Throughout our time together, we would often talk of being together forever – which may have been the unremarkable endearments of lovers, but there is, for me, an important truth in them. So here is another thing about being human. Many of us put a search for the eternal at the centre of our lives. As a Jew by birth and an agnostic through choice, I do not look for immutable truth in conventional religion. But I found something that transcends physical existence in my connection with Sian, my love for her.

That is what defines me, as a human.

Robert Peston is the BBC’s business editor

I found something that transcends physical existence in my connection with Sian. Image: Getty
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The "people" have spoken on Brexit - listening to them is another matter

The Athenians had another word for them. 

Commentators are right to point to the fury and frustration of the "left behind", who are, everywhere it seems, rebelling against establishments they believe have betrayed them. 

But they may understate the threat we now face. Many of those who voted for Brexit or Donald Trump were not just rejecting economic injustice or "broken politics" but also perhaps the very principles of our system of government. For them, democracy itself may have lost its appeal.

If that is the case, we can’t blame the elites alone. We, "the people", are complicit. In associating democracy almost exclusively with economic advancement, we have begun to forget that it is also, and principally, about shared values, rights and responsibilities. In the UK and the US, voters in their millions have traded one against the other. The citizens of the Netherlands and France may soon do the same.

It's too early to panic. Perhaps we’ll come to see that Brexit was not the calamity some of us predict; perhaps President Trump will turn out to be better than we fear he may be.  

But we would be foolish to ignore the precedents. 

The great democracy of ancient Greece lasted two hundred years. But then, subverted by demagogues and oligarchs, and overwhelmed at last by autocrats, it disappeared from the world for 2,000 years. For all that time, the citizens of today’s democracies were the subjects of tyrants, elites and ideologues but never of themselves.

Modern history provides no greater reassurance. Even when democracy has apparently been secured, it has consumed itself at the ballot box with awful consequences. We are not in that place. But in the UK and the US we have taken a step in its direction.

Rights and responsibilities

The dilemmas we face are as old as democracy itself.

Almost 2,500 years ago, the Athenian statesman Pericles set out for his fellow citizens the precepts of their remarkable democracy. He spoke of the equality of their rights before the law. But he laid particular emphasis on their duties to each other. The word he used for the "socially useless" individuals who placed self above public interest provides the origin of our own word – idiot.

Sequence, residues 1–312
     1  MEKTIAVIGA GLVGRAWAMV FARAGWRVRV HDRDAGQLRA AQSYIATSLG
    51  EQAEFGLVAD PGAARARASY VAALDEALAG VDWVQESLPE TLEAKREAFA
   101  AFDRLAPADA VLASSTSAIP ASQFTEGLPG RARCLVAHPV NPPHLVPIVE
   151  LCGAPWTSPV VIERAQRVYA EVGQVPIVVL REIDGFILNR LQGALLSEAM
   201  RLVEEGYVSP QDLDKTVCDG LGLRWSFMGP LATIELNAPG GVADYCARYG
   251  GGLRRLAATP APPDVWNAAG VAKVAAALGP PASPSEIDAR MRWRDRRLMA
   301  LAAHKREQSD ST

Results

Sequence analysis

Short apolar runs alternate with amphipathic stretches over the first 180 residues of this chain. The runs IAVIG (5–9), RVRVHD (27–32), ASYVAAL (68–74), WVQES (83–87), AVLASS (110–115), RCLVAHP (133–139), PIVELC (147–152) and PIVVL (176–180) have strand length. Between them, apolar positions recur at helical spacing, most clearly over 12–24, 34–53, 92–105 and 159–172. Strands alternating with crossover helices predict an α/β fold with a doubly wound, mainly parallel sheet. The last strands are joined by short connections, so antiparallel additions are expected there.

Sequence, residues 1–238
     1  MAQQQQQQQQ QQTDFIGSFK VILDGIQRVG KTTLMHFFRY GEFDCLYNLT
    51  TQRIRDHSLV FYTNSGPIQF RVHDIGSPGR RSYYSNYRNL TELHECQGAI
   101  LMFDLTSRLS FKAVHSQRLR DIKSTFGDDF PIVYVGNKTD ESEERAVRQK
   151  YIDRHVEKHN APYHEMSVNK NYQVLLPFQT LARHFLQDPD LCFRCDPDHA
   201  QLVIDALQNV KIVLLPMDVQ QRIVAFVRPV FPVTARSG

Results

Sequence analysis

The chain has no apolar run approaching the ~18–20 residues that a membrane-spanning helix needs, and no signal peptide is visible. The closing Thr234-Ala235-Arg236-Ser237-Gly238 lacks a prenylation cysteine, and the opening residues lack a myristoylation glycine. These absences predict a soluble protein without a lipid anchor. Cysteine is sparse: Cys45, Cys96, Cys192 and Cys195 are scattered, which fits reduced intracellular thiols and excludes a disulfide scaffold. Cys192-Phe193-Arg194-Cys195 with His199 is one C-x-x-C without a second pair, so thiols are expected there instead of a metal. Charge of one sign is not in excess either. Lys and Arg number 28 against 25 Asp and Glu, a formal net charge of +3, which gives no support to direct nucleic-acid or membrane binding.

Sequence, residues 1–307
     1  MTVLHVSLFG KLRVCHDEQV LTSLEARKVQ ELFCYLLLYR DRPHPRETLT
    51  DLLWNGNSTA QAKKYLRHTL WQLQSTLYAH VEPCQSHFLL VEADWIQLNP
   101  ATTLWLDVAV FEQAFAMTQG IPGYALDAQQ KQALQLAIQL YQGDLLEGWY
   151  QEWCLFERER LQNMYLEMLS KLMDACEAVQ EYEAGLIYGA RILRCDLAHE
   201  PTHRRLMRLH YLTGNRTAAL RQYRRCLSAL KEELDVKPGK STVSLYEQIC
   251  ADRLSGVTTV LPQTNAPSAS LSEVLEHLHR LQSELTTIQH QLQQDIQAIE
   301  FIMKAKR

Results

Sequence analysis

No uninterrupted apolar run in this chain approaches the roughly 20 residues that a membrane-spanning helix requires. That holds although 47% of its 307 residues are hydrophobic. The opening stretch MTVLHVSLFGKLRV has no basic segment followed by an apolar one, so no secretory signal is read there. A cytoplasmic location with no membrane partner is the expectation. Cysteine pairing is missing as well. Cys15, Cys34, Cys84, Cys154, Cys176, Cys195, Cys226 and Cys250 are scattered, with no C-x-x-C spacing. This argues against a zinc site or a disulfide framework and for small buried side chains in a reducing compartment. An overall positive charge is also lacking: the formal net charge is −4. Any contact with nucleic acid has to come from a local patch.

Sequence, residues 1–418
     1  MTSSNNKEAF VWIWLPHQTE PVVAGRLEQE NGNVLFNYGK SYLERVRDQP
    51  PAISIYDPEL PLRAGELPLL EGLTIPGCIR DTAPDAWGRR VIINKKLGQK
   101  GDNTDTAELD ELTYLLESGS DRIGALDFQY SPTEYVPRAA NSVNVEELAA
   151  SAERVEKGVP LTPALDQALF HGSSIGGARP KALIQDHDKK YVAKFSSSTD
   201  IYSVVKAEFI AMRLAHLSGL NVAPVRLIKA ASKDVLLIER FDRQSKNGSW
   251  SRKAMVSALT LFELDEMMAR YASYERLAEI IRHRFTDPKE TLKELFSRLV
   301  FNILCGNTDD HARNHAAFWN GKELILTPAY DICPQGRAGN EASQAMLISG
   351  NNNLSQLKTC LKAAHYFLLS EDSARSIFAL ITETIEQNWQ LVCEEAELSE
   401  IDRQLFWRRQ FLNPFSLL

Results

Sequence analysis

What would Pericles make of us? Certainly, we remain jealous of our rights, especially when we feel that they are threatened by others. But our preoccupation with personal aspiration has long since eroded our sense of common cause, whether measured by our engagement in civic affairs, our contribution to community life or the civility of our relations with others.

On these grounds, we are doubtless idiots.

A reasonable principle

But for the Athenians, democracy was founded on a third key principle. Alongside rights and responsibilities, they regarded the exercise of reason as indispensable to good politics. As Pericles put it:

“We reach decisions on public policy only after full discussion, believing that sound judgement, far from being impeded by debate, is arrived at only when full information is considered before a decision is made."

Can we honestly claim that in the EU referendum or the US Presidential elections, voters collectively exercised sound judgment based on reliable evidence, rational deliberation and open-minded debate? 

More likely, we recognise that what passed for public discourse throughout both campaigns was poisoned by deceit. The goal of the politicians who set out to mislead was clear. But instead of punishing them for their cynicism, millions suspended their disbelief and voted for them, often quite consciously choosing not to test their instincts against the evidence or their own opinions against other views. As much as they were misled, they also misled themselves. 

This was precisely the concern of democracy’s earliest critics, Plato and Aristotle among them. They worried that the system was inherently unstable not least because the people could be too easily swayed by their emotions and too readily seduced by shallow populists into decisions which were neither reasonable nor just - nor sensible. 

Representation